The Tricky History of the Channel Bottom
The general theory of channel bottoms is that they give grip and speed to a surfboard. The 'faces' of the channels give added surface to push against, and by removing bottom curve they create straight line drive.
Yet the history of channel bottoms is anything but fast and stable: it's a slippery history, and it weaves in unexpected directions.
When we embarked on this article we didn't set out to find who was first to make channel bottoms though we quickly found this issue was unavoidable. Curiously, and this was very much in line with our asymmterical article, we found a number of people stumbled on the idea while working independently from each other.
We've done our best to speak to everyone involved and hope we've done justice to their stories, however we wouldn't be surprised if new information tweaks the story you read below. History can be surprisingly fluid.
But perhaps most surprising is the ever-changing use of channel bottoms. What was a distinctly 70s design has evolved in harmony with the major developments to find it's place in contemporary surfboard design.
In 1965 Greg Noll carved two shallow grooves, one either side of the stringer, into his Semigun model and called it the 'Slot Bottom'. It's debatable whether they qualify as channels but Hawaiian great Ben Aipa has no hesitation. "That was the birth of the channel bottom," said Ben Aipa of Noll's slots. "The idea may have come from the past - maybe Simmons or Blake - but Greg was the first to include the slot as a design element in production boards."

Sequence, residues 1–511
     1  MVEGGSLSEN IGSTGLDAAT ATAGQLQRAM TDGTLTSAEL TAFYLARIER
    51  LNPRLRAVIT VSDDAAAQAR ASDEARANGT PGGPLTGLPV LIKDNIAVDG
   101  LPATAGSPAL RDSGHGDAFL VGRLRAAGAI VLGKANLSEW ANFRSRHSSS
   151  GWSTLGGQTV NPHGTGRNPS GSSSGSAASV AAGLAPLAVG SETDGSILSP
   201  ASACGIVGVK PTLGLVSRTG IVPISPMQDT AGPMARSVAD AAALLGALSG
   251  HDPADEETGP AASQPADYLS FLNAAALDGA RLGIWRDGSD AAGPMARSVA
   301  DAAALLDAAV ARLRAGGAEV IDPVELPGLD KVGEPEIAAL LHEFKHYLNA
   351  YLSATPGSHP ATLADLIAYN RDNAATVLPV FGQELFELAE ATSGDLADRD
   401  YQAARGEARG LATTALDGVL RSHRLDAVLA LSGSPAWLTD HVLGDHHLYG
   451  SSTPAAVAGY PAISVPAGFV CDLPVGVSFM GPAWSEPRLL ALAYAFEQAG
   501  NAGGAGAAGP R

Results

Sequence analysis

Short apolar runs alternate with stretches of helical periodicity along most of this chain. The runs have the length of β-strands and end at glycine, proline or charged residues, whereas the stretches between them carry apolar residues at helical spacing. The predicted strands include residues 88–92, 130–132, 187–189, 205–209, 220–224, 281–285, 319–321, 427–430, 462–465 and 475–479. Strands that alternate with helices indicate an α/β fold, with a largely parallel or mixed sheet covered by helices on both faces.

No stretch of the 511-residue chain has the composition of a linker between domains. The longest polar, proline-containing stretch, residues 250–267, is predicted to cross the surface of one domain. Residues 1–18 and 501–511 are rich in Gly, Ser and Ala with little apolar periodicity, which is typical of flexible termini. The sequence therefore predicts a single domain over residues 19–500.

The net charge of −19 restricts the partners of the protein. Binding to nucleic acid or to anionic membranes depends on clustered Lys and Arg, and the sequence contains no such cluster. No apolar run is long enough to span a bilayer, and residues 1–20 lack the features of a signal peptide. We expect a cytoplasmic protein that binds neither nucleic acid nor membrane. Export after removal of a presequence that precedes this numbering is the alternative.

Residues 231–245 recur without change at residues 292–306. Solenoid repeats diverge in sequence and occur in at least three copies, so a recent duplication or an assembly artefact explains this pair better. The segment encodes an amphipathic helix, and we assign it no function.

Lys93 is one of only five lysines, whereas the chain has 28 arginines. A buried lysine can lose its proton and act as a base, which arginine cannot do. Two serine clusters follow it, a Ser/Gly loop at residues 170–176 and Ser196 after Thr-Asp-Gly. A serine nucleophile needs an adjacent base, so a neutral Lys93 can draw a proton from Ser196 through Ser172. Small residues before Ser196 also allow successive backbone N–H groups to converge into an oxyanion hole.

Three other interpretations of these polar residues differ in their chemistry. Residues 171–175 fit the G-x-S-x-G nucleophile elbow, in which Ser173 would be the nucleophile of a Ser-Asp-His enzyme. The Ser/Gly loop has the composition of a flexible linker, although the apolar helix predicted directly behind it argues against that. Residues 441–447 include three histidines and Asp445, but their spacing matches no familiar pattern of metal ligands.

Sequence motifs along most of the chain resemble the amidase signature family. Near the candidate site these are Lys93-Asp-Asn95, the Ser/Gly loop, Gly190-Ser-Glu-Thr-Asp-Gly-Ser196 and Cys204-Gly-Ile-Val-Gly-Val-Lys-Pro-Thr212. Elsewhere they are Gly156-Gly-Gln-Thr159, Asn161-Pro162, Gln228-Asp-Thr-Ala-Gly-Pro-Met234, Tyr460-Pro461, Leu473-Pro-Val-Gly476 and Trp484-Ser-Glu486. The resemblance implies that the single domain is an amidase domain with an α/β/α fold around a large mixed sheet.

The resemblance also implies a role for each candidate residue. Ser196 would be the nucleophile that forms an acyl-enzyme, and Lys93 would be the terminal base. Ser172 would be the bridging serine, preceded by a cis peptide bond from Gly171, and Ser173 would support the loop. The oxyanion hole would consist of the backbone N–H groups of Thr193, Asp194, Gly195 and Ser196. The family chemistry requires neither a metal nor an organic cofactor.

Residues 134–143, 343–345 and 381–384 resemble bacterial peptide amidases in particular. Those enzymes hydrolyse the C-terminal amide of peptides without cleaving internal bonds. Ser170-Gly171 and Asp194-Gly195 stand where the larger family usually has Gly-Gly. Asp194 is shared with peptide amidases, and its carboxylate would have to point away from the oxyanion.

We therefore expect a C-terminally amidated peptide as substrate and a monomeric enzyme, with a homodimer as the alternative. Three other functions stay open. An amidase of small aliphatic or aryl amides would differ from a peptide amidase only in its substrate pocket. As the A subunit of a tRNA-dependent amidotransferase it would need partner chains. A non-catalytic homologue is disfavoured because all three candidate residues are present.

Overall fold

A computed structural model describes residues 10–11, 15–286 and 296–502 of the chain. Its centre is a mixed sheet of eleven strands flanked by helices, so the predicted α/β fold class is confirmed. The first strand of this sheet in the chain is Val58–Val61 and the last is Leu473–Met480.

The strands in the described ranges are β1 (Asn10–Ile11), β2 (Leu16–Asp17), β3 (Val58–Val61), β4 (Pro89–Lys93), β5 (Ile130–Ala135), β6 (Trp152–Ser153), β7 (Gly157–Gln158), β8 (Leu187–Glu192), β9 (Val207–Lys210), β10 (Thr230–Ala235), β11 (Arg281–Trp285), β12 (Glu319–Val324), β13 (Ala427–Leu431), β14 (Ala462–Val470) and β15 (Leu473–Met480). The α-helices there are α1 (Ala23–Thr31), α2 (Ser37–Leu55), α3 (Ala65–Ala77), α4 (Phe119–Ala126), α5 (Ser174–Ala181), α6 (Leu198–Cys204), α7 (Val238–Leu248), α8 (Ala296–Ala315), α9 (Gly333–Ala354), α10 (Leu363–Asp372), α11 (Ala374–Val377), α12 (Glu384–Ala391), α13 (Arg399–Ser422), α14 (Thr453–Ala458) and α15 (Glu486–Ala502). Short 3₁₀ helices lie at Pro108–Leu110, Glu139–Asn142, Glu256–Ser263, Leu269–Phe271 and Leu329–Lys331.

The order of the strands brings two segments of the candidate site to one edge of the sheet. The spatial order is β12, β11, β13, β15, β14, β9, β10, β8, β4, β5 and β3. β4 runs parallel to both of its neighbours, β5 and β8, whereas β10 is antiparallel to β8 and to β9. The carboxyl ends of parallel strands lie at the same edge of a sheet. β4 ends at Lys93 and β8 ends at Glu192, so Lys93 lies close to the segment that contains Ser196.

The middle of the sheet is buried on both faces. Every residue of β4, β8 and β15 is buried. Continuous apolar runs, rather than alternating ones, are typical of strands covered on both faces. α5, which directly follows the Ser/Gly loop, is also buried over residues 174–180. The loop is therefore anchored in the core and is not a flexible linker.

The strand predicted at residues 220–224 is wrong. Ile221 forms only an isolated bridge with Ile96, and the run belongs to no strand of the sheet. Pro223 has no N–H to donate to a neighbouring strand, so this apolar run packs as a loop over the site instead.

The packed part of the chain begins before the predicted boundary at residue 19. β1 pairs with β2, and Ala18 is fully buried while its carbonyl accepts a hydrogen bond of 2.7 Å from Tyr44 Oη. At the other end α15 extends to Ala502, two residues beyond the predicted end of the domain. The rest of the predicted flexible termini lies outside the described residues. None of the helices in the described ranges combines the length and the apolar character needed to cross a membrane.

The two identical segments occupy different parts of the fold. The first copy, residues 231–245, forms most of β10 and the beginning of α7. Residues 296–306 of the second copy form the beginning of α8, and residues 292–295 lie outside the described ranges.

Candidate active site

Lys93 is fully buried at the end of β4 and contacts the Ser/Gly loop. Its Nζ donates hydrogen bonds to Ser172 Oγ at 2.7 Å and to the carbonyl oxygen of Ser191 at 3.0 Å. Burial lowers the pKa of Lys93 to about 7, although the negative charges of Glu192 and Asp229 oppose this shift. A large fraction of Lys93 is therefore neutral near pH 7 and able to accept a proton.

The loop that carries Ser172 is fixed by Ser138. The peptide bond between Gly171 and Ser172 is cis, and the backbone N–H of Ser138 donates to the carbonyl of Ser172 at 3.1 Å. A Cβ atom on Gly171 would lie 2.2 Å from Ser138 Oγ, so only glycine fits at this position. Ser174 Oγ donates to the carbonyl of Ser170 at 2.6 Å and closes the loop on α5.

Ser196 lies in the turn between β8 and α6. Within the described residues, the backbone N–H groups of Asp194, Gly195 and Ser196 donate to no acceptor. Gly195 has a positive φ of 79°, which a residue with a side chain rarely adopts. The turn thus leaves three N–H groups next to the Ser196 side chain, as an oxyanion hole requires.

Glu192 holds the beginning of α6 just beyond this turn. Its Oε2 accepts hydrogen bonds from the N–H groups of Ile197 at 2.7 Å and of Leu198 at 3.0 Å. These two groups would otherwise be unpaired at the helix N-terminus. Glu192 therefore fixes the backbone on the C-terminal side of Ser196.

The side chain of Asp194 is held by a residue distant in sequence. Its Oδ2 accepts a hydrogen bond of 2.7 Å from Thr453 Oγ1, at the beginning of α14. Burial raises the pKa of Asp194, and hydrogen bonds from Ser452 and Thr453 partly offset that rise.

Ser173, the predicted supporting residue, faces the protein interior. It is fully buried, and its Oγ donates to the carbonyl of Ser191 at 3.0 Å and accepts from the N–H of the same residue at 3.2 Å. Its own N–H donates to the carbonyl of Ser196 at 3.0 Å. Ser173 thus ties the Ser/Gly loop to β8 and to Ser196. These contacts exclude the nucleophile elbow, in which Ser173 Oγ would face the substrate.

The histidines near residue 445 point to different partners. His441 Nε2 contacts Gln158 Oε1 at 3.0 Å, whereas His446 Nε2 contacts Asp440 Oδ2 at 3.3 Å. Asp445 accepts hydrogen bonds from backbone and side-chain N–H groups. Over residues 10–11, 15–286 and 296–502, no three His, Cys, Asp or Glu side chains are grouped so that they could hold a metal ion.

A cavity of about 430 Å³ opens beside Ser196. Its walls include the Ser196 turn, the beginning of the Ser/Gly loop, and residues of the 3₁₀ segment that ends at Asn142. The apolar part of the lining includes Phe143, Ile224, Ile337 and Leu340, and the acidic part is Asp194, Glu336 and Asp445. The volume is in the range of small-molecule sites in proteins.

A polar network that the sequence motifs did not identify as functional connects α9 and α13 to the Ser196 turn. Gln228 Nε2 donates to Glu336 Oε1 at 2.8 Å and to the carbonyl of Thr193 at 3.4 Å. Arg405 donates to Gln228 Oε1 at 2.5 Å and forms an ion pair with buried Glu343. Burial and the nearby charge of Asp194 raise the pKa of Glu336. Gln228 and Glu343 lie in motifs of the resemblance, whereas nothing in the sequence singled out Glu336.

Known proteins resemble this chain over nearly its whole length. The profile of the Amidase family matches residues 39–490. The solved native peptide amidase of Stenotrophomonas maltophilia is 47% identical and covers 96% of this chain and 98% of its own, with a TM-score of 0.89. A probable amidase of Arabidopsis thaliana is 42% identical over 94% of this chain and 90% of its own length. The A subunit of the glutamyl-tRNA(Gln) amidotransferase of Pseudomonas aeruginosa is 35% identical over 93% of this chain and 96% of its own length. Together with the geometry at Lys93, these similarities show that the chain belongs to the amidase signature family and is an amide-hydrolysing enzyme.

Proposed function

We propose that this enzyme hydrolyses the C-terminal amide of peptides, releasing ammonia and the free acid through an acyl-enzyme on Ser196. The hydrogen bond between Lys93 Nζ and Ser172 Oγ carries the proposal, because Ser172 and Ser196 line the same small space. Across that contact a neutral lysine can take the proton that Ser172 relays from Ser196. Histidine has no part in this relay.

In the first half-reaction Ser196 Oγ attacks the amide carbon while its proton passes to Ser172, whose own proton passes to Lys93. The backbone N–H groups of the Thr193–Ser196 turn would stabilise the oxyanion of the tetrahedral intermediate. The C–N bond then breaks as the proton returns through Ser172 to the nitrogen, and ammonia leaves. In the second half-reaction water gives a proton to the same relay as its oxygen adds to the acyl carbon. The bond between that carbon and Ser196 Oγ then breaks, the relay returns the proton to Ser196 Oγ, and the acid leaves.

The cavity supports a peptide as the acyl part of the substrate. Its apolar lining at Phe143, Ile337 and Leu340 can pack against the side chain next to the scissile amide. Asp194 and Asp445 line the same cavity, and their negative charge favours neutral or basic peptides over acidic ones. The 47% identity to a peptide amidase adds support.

Noll built Slot Bottoms for just two years, 1965 and '66, and only in select boards. Dale Velzy is another early shaper who some believe may have contoured the bottom of a board, yet Noll has the first known photos. After 1966 the idea disappeared for nigh on a decade before re-emerging in three different locations on Australia's East Coast at roughly the same time.
After settling in Kiama on the NSW South Coast, expat American Mike Davis set about getting the local reefs wired. "There's a wave there called Boneyards, a real mean wave at size, and I was looking to get barrelled there."
All the big wave boards of the day had long sleek pintails, but these designs weren't cutting it at Boneyards. "We'd get held up every time," says Davis. "I needed something wider to paddle into the waves earlier, yet wide-tailed boards would just skip out off the bottom."
In 1975 he was driving back into town after a session when Newton's apple fell. Davis spotted a ski boat outside of Bombo Beach and saw how it moved in the water. "I could ride a wider tail, a rounded pin, and drop channels into it for grip!"
"I raced to the factory and quickly shaped the same V bottom I always used, and then shaped concaves that got wider towards the tail like the Bonzas. But instead of the one concave on each side of the stringer I carved in three on each side and were deepest at the extremities."